Certain coal companies and states have asked the Supreme Court to narrow the scope of EPA’s authority by prohibiting the agency's use of flexible compliance mechanisms—like intersource emissions trading and production shifting—in regulating greenhouse gas emissions from the power sector. The challengers rely in part on the major questions doctrine, a little-used canon of interpretation that petitioners claim bars EPA from issuing costly and controversial rules.
In this amicus brief, filed on behalf of our director Richard L. Revesz, we explain that petitioners’ application of the major questions doctrine would expand the canon beyond either recognition or workability, stretching a doctrine meant to apply only in rare cases to cover many different regulations advanced by administrations of both parties. We further explain that, contrary to petitioners’ assertions as part of their major questions analysis, EPA has frequently relied on flexible compliance mechanisms under numerous Clean Air Act provisions. Finally, our brief argues that Section 111(d) of the Clean Air Act is an integral statutory provision for regulating air pollution and not an afterthought as petitioners contend.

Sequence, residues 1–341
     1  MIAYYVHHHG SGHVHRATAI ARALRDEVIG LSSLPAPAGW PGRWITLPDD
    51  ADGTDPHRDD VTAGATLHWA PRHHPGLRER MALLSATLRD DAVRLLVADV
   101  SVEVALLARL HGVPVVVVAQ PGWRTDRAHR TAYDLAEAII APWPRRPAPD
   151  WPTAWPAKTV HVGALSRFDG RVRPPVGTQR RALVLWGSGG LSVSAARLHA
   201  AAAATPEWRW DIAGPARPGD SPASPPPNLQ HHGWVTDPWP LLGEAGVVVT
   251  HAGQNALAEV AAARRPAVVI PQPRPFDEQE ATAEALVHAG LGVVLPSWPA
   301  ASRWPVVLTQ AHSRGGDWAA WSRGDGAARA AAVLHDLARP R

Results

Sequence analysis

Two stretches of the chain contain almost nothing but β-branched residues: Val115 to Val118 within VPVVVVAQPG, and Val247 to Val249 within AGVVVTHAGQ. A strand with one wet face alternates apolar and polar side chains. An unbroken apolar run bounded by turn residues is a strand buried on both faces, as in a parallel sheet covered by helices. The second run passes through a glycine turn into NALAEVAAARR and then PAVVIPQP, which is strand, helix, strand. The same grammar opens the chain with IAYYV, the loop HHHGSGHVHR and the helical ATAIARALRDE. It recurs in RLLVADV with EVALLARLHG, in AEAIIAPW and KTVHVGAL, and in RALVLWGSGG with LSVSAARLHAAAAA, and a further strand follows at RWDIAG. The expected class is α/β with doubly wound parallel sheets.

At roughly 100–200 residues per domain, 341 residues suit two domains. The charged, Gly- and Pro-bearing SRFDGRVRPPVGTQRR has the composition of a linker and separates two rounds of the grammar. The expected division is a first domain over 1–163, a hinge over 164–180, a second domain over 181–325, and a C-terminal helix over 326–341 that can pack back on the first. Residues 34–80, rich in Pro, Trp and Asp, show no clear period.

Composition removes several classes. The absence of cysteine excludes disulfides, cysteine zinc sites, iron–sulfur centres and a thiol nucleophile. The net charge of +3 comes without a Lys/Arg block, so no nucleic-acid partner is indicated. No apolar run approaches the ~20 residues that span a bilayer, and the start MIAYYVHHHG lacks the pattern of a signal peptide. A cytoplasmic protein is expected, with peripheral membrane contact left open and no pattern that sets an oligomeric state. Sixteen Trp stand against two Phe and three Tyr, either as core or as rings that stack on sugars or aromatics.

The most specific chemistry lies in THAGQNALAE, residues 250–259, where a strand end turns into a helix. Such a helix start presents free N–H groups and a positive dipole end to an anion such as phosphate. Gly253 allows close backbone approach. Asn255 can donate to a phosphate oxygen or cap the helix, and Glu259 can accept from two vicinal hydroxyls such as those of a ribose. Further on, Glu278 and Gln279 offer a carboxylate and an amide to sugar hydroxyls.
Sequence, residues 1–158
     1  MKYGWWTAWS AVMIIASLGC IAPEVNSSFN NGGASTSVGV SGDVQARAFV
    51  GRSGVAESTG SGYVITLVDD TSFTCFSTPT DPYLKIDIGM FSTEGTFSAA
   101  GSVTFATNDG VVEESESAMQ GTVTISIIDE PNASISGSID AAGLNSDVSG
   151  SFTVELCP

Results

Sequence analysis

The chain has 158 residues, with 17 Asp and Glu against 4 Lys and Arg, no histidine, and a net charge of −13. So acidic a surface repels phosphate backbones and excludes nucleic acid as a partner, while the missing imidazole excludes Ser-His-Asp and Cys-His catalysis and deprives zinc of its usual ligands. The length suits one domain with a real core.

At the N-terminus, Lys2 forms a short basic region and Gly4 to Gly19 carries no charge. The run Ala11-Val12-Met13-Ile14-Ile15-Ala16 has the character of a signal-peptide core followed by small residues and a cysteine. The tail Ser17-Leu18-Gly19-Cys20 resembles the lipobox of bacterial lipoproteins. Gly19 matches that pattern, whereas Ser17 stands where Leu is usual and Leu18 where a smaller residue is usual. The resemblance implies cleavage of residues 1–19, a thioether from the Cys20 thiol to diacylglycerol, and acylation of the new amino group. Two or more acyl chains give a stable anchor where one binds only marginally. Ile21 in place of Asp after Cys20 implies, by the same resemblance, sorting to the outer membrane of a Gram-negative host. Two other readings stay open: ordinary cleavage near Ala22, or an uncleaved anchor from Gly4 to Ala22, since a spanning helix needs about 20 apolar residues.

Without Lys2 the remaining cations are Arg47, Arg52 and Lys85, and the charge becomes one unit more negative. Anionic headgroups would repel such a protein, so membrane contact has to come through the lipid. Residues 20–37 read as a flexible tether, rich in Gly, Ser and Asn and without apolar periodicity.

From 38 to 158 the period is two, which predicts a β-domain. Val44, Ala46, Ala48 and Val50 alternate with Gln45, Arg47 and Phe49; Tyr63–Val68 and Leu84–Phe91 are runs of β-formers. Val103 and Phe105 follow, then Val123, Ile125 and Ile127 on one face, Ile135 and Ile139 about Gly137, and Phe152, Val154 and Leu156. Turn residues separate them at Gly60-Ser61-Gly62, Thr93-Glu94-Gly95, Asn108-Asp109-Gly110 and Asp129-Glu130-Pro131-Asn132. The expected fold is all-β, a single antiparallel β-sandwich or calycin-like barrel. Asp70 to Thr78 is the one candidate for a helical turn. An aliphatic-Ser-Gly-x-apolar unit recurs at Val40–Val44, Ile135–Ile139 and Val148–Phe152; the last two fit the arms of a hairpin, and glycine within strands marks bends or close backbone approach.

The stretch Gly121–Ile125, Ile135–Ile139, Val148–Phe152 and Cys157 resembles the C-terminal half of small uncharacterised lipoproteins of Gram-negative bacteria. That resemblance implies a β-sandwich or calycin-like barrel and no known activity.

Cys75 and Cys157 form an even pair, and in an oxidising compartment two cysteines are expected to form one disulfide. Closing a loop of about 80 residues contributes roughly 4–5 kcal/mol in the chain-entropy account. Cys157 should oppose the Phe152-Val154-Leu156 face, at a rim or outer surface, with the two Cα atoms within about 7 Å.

The Supreme Court will hear the case, West Virginia v. Environmental Protection Agency, later this term. The case seeks to revive the Affordable Clean Energy Rule, a deregulatory action promulgated under the Trump administration that was vacated last year by the U.S. Court of Appeals for the D.C. Circuit.